Valley Forge National Historical Park

Valley Forge National Historical Park is the site where the Continental Army spent the winter of 1777–1778 near Valley Forge, Pennsylvania, during the American Revolutionary War. The National Historical Park preserves the site and interprets the history of the Valley Forge encampment. Originally Valley Forge State Park, it became a national historical park in 1976. The Park contains historical buildings, recreated encampment structures, memorials, museums, and recreation facilities.

The park encompasses 3,500 acres (1,400 ha) and is visited by over 1.2 million people each year. Visitors can see restored historic structures, reconstructed structures such as the iconic log huts, and monuments erected by the states from which the Continental soldiers came. Visitor facilities include a welcome center and museum featuring original artifacts, providing a concise introduction to the American Revolution and the Valley Forge encampment. Programs, tours, and activities are available year round. The park also provides 26 miles (42 km) of hiking and biking trails, which are connected to a robust regional trails system. Wildlife watching, fishing, and boating on the nearby Schuylkill River also are popular.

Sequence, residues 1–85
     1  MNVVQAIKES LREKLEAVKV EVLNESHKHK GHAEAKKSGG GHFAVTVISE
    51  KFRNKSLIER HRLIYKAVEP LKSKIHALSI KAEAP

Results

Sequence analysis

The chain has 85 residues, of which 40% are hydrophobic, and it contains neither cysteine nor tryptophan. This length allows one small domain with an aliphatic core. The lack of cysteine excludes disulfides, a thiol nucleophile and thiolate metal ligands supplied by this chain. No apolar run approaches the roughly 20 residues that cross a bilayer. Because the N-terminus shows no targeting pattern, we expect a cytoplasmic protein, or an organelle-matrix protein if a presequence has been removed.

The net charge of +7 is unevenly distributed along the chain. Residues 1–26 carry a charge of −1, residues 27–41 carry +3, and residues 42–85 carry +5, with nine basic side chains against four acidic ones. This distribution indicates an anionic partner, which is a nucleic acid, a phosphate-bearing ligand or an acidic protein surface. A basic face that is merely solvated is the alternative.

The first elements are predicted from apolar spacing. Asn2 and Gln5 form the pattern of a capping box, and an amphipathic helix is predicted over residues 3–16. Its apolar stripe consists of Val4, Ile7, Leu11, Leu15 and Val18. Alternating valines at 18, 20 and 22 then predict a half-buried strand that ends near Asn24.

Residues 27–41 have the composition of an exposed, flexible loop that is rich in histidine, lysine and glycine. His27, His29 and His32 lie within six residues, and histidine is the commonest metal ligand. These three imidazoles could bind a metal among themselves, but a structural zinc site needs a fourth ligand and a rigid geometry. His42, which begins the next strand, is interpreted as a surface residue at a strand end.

Read more about Valley Forge National Historical ParkHistorical Encampment, Park History, Train Station, Modern Problems

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Valley Forge National Historical Park - Modern Problems
... As a park in an increasingly urbanized area, Valley Forge faces problems including traffic, urban sprawl, and an overpopulation of white tail deer ... Valley Forge Park Road (PA Route 23), a heavily traveled two-lane commuter road, passes through the park and carries about six million vehicles per year of mostly commuter traffic ... In 2001, a privately held 62-acre (25 ha) tract of land within the authorized park boundaries was offered for sale ...

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